It can be a characteristic of cancer from the beginning of treatment, or it may be something that develops over time, as the tumor cells mutate and stop being sensitive to the chemo drugs. 

Durable Response

Durable responses are when a treatment’s effects are long-lasting. There isn’t really a standard definition of what this term means by “long-lasting,” but some medical professionals use a timeframe of a year. 

Understanding RECIST Classification 

It’s easy to think that complete response is the best RECIST outcome—and it is—but it's not the only positive outcome of cancer treatment.

As a result of newer, more effective treatments, doctors increasingly measure success in terms of quality of life and symptom-free disease, rather than simply the size of a tumor. In many cases of aggressive or advanced cancers, stable disease is a very desirable outcome.

Metastatic cancers, for example, are very infrequently able to be cured. But treatments for these diseases have led to an increase in progression-free survival (PFS). PFS is a newer metric used to analyze how long a person with cancer survives without their condition getting worse.


RECIST is a classification system for solid tumors that measures response to treatment. In order to be classified, the tumor must be measurable via imaging. Categories in the RECIST system include complete response (CR), partial response (PR), stable disease (SD), and progressive disease (PD).

A Word From Verywell

RECIST classification are just one way of measuring how your body is reacting to treatments. Seeing that your cancer isn't responding well to treatments may be disheartening, especially if you're experiencing symptoms or side effects of the treatment. 

Multiple treatment options are available for many cancers, so don't despair if your cancer isn't responding to the first treatment you try (or the third). Instead, talk to your medical team about your options, including participating in clinical trials of new therapies. 

Throughout your treatment, you will hear many new terms used by your healthcare team, Have them explain any confusing terms to you. Don't hesitate to ask questions.

Frequently Asked Questions

  • What is the difference between RECIST and irRECIST?

    The RECIST guidelines were first published in 2000, and updated to version 1.1 in 2009. Over time, researchers have noticed that the traditional RECIST guidelines don’t do a good job in detecting responses to immunotherapies.  The RECIST working group published iRECIST guidelines in 2017 to better guide clinicians in evaluating the responses to immunotherapies. These types of therapies can sometimes take longer to be effective and cause pseudoprogression. Pseudoprogression is when a tumor looks bigger on imaging before eventually shrinking as a result of effective treatments. iRECIST and irRECIST are two ways of analyzing the effects of immunotherapies, with the chief difference being whether new tumor measurements are included in the tumor burden.

  • What is the response rate in chemotherapy?

    The response rate of chemotherapy is the percentage of patients with that cancer whose tumors shrink or disappear after treatment with a chemotherapy drug. These would be patients whose RECIST results are classified as complete response or partial response.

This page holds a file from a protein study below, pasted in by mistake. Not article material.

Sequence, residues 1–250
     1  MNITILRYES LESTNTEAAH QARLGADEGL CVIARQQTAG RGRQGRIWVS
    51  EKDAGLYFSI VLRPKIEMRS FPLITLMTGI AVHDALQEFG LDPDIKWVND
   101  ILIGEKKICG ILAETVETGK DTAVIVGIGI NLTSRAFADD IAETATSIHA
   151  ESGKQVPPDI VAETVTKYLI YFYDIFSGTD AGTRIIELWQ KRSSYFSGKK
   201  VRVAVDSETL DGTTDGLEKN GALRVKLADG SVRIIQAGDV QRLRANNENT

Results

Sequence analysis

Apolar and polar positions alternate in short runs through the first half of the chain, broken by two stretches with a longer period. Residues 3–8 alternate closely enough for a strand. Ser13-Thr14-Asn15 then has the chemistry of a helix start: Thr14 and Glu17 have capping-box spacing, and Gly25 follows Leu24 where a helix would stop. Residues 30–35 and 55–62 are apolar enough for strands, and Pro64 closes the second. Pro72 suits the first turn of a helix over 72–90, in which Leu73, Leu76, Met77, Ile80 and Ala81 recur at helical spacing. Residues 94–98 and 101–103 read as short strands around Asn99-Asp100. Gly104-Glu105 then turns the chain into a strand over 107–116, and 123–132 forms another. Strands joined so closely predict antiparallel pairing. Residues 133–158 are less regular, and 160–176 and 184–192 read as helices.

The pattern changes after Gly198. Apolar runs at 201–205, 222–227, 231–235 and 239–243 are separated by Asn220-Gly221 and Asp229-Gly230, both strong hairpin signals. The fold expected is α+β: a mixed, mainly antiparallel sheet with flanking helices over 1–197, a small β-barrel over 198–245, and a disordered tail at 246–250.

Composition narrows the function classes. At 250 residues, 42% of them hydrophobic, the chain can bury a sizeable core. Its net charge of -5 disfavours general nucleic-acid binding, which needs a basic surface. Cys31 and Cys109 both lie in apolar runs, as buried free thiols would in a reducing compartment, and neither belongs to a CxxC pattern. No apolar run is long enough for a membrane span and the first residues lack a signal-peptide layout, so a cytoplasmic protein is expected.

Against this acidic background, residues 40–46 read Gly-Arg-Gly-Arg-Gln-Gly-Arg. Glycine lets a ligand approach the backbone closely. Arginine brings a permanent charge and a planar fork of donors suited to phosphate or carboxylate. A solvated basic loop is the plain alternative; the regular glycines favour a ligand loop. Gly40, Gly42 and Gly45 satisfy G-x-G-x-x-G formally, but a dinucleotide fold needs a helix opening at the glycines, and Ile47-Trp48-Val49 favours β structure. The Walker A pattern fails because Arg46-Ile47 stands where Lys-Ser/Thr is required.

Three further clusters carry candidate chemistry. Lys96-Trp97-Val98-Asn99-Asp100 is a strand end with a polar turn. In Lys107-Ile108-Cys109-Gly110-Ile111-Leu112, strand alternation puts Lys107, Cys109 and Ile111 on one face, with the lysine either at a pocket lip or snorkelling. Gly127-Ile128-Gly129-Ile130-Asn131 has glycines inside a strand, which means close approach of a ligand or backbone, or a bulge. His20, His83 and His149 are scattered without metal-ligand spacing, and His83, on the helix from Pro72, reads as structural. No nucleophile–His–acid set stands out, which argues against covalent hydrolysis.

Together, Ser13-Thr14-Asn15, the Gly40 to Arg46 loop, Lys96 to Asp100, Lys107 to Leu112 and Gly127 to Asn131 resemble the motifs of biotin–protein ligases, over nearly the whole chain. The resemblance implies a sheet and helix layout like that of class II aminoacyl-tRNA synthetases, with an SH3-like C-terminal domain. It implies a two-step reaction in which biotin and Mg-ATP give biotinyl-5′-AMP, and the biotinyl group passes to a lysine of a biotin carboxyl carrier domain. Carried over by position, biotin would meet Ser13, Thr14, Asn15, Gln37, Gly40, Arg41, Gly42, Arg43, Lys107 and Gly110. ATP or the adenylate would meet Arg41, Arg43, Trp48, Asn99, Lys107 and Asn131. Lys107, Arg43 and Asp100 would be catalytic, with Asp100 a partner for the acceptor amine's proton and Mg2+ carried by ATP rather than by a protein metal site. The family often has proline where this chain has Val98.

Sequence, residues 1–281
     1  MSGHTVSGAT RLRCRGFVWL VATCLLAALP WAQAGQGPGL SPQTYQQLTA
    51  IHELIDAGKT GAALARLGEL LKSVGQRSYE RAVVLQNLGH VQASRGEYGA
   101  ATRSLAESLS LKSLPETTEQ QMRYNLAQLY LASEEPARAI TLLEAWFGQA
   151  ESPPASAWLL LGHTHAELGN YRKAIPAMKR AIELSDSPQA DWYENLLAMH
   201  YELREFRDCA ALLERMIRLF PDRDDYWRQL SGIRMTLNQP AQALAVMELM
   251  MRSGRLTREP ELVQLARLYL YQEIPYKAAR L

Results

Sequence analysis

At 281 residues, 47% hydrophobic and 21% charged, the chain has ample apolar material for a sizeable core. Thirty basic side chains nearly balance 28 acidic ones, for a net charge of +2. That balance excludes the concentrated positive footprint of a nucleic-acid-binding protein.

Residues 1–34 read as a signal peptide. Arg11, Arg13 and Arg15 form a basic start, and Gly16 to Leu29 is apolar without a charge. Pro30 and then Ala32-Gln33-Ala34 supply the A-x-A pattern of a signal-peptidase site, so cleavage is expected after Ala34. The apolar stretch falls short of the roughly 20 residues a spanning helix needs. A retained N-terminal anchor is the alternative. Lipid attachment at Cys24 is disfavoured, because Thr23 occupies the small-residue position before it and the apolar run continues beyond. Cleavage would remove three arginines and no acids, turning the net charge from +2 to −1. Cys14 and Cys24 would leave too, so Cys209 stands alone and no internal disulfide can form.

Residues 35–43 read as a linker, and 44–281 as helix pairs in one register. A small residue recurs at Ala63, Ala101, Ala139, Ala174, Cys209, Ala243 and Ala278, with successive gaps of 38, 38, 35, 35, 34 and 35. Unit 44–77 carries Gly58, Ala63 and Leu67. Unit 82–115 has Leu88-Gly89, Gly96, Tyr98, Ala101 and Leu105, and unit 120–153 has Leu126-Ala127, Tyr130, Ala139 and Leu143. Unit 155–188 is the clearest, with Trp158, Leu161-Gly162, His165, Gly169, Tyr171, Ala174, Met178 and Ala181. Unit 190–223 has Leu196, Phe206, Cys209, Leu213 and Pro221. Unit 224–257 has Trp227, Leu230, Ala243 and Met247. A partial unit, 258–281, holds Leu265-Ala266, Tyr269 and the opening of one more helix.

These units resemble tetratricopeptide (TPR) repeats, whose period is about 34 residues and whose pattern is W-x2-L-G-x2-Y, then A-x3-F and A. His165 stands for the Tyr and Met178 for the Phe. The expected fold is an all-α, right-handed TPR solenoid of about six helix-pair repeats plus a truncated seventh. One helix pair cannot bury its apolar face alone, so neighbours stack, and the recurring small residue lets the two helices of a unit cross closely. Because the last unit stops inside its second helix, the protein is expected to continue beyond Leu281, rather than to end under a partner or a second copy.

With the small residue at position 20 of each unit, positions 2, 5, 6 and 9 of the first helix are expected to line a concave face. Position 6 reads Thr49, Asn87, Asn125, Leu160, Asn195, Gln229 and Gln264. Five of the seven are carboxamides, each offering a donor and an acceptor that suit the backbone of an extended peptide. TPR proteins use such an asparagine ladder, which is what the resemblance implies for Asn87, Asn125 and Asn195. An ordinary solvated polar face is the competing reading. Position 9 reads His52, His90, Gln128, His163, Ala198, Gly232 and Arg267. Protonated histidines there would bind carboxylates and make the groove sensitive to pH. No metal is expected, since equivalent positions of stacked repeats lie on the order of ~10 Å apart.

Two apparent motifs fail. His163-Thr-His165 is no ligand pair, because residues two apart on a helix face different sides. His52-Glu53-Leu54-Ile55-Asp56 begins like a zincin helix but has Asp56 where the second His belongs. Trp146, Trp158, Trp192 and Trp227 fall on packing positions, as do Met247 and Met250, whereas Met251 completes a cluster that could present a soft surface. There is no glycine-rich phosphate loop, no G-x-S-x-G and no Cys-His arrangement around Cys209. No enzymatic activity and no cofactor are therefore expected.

• What is an unconfirmed partial response?

    Unconfirmed partial response is when one of your scans shows that the target tumor is shrinking but either hasn’t been confirmed by a follow-up scan or is no longer the case on follow-up imaging tests.

  • Is progressive disease always fatal?

    Getting a RECIST rating of progressive disease does not mean your cancer is fatal. It doesn’t even mean that your treatment has failed. 

    The definition of progressive disease is that the tumor monitored in the RECIST scans has either grown by 20% or more or has spread to new areas. Sometimes cancers may exhibit pseudoprogression—show up bigger on scans, then shrink. Other times, other endpoints to your treatment may be more important than progression.

  • Does CR mean you’re cured?

    Getting a score of complete response on RECIST screening is something to celebrate—the tumor is no longer present. But that doesn’t mean you’re cured of your cancer. Instead, it’s the first step toward a cure, but cancer might return or recur.

11 Sources
Verywell Health uses only high-quality sources, including peer-reviewed studies, to support the facts within our articles. Read our editorial process to learn more about how we fact-check and keep our content accurate, reliable, and trustworthy.
  1. National Cancer Institute. Definition of RECIST.

  2. Schwartz LH, Litière S, de Vries E, et al. RECIST 1.1-Update and clarification: From the RECIST Committee. Eur J Cancer. 2016;62:132-7. doi:10.1016/j.ejca.2016.03.081

  3. National Cancer Institute. Definition of complete response - NCI Dictionary of Cancer Terms 

  4. Center for International Blood & Marrow Transplant Research. Response evaluation criteria in solid tumors (RECIST)

  5. UpToDate. RECIST response criteria solid tumors. 2021.

  6. Jia W, Gao Q, Han A, Zhu H, Yu J. The potential mechanism, recognition and clinical significance of tumor pseudoprogression after immunotherapy. Cancer Biol Med. 2019;16(4):655-670. doi:10.20892/j.issn.2095-3941.2019.0144

  7. Seymour L, Bogaerts J, Perrone A, et al. iRECIST: guidelines for response criteria for use in trials testing immunotherapeutics. Lancet Oncol. 2017;18(3):e143-e152. doi:10.1016/S1470-2045(17)30074-8

  8. Kataoka Y, Hirano K. Which criteria should we use to evaluate the efficacy of immune-checkpoint inhibitors?Ann Transl Med. 2018;6(11):222. doi:10.21037/atm.2018.04.17

  9. National Cancer Institute. Definition of response rate.

  10. Oxnard G, Morris J, Hodi F, et al. When progressive disease does not mean treatment failure: Reconsidering the criteria for progression. Journal of the National Cancer Institute. 2012;140(26):1534-1541. doi:10.1093/jnci/djs353

  11. NCI Dictionary of Cancer Terms. Complete response.

By Jennifer Welsh
Jennifer Welsh is a Connecticut-based science writer and editor with over ten years of experience under her belt. She’s previously worked and written for WIRED Science, The Scientist, Discover Magazine, LiveScience, and Business Insider.